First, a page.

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商业 - 传媒与文化

巴菲特为什么不买下《华盛顿邮报》

Stephen Gandel 2013年08月07日

《华盛顿邮报》是美国最富盛名的报纸之一,但它员工队伍庞大,同时又偏爱“水门事件”那样高投入的调查性报道。因此,看好社区性报纸的巴菲特没有出手,尽管他长期以来一直持有《华盛顿邮报》的股份,而且最近还收购了多份报纸。

    《华盛顿邮报》(the Washington Post)的收购交易再次表明,沃伦•巴菲特对报纸的兴趣有限。

    巴菲特的伯克希尔哈撒韦公司(Berkshire Hathaway)是《华盛顿邮报》的最大外部投资者,已经持股40年,目前所持股份略高于170万股。按照周一盘后交易价格计算,亚马逊(Amazon)首席执行官杰夫•贝佐斯收购这份重量级报纸后,巴菲特所持股份的价值已增至4,500万美元(2.78亿元人民币)。

    但伯克希尔哈撒韦的整体收益远不止于此。巴菲特从1973年就开始买进《华盛顿邮报》的股份。2008年,这家公司在年报中称,它手中的《华盛顿邮报》股票价值6.74亿美元(41.59亿元人民币),持股成本1,100万美元(6787万元人民币)。贝佐斯收购该报后,巴菲特所持股份的价值已达到约10亿美元(61.7亿元人民币)。

    那么,如果以往业绩能体现未来收益水平,大家可能会认为巴菲特对报纸的青睐程度稍稍上升了一些。而实际上,巴菲特最近确实频繁表态,表明自己是多么的喜欢报纸,他还在过去两年中收购了大概30份日报。

    但在很长一段时间内,巴菲特一直都没有增持《华盛顿邮报》的股票。伯克希尔哈撒韦在网上披露的财务数据最早可追溯到1999年。当时它持有170万股《华盛顿邮报》股份,目前依然如此。

    《华盛顿邮报》表示,贝佐斯以个人身份收购该报之前,投行人士曾接触过六位潜在买家。考虑到巴菲特和该报的长期渊源以及最近他一直在报纸领域进行收购,将巴菲特列入潜在买家的行列并不突兀。最起码,《华盛顿邮报》首席执行官唐纳德•格雷厄姆有可能向巴菲特兜售过这份报纸,而后者可能也认为抛售这份充满传奇色彩的报纸的时机已经成熟。巴菲特拒绝就《华盛顿邮报》转让一事发表评论。

    尽管最近收购了很多份报纸,但巴菲特对美国最主要的几份日报一直敬而远之。今年早些时候,巴菲特说他无意收购论坛报业集团(Tribune Co.)旗下那些待价而沽的报纸,其中包括《芝加哥论坛报》(Chicago Tribune)和《洛杉矶时报》(Los Angeles Times)。巴菲特曾经表示,他认为专门报道当地新闻,以严密社区为立足点的报纸具有价值。

    不过,考虑到巴菲特长期投资于《华盛顿邮报》,也许大家原以为他会为后者破例。价格似乎并不是问题所在。从平均值来看,巴菲特一直在按每位读者500美元(3,085元人民币)的价格收购报纸。贝佐斯收购《华盛顿邮报》的价格与之类似——每位读者520美元(3,208.4元人民币)。不过,考虑到贝佐斯还得到了其他几份规模较小的报纸,按读者数量计算的收购价可能低于这个数字。也就是说,贝佐斯的收购价完全在巴菲特可接受的范围内。

    相反,真正的问题似乎是,《华盛顿邮报》是美国最有影响力的报纸之一,员工队伍大,偏爱成本昂贵的调查性报道,巴菲特是否认为买下这份报纸是笔好买卖。看来,他在评估之后给出了否定的回答。(财富中文网)

    译者:Charlie  

    With the sale of the Washington Post, Warren Buffett is once again showing the limits of his love affair with newspapers.

    Warren Buffett's Berkshire Hathaway (BRKA) is the largest outside investor in The Washington Post Co. (WPO) and has held the stock for four decades. Berkshire holds just over 1.7 million shares. The sale of the flagship paper to Amazon (AMZN) CEO Jeff Bezos pushed the value of Buffett's holding in the company up $45 million in after-hours trading on Monday.

    But Berkshire's overall gain is far bigger than that. Buffett first began buying shares back in 1973. In 2008, Berkshire in its annual report said the position was worth $674 million and had a cost basis of $11 million. After the sale, Buffett's stake is now worth about a billion.

    So if past performance is an indication of future gains, you would think Buffett's heart for newspapers just grew a little fonder. And indeed, Buffett has been talking a lot recently about how much he likes newspapers, and he has bought about 30 daily newspapers in the past two years.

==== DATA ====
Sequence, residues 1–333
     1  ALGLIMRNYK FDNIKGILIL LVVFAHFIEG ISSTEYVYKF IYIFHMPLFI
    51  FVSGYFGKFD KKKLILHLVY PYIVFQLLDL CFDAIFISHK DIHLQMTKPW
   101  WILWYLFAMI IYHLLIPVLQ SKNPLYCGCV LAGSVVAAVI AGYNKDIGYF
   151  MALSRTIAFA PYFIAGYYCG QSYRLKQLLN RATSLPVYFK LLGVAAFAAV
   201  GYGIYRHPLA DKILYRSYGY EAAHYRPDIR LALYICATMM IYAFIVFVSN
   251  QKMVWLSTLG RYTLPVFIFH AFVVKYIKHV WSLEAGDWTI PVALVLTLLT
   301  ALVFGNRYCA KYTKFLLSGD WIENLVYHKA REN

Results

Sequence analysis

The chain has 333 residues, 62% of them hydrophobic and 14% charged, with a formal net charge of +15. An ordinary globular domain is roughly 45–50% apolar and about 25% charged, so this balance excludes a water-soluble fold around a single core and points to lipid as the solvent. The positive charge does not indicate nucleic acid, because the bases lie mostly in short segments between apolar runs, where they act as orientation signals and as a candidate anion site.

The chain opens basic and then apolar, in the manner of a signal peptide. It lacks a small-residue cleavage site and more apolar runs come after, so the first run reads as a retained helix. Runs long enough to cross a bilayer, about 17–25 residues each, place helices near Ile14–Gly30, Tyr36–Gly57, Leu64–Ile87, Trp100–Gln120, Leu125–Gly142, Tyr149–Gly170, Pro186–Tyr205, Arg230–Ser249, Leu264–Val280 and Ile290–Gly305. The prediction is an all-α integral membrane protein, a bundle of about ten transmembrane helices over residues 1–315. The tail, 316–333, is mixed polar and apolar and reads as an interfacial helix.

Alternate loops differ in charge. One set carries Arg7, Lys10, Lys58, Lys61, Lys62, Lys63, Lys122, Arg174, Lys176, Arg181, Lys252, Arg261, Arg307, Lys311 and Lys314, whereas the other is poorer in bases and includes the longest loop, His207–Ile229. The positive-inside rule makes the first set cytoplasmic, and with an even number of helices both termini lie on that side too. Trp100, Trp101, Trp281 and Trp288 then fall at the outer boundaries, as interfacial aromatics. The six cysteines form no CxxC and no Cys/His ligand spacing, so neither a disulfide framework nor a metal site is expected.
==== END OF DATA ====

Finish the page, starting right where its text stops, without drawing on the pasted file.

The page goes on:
But Buffett hasn't added to his stake in The Washington Post Co. in a long time. The oldest financial disclosure you can get for Berkshire Hathaway online is from 1999. Back then, the company owned 1.7 million shares of The Washington Post Co., which is the same as now.

    And The Washington Post Co. said its bankers approached six other potential buyers before making a deal with Bezos, who is buying the paper personally. Given Buffett's long history with the company and the fact that he has been buying papers recently, it's not a stretch to assume Buffett was in that group of people who passed. At the very least, it's likely that Donald Graham, the Post's CEO, ran the sale past Buffett and that the billionaire agreed it was time to let the storied paper go. Buffett declined to comment on the paper's sale.

    Despite his newspaper buying spree, Buffett has avoided the nation's biggest dailies. Earlier in the year, Buffett said he wasn't interested in buying the group of papers owned by the Tribune Co., which includes the Chicago Tribune and the Los Angeles Times, which appear to be on the block. Buffett has said he sees value in newspapers in tight-knit communities that specialize in local news.

    Still, you might have expected Buffett to make an exception for The Washington Post given his long history with the paper. The problem doesn't seem to be price. On average, Buffett has been paying about $500 per customer for the papers he has bought. Bezos is paying about the same amount -- $520 per customer of the flagship paper -- but he is also getting a few smaller papers in the deal, which would bring down his cost per subscriber number. So that was well in Buffett's range.

    Instead, it appears it really came down to whether Buffett thought the business of owning one of the most influential papers in the country, with its large staff and taste for expensive investigative stories, is a good business. It appears Buffett's assessment was no.

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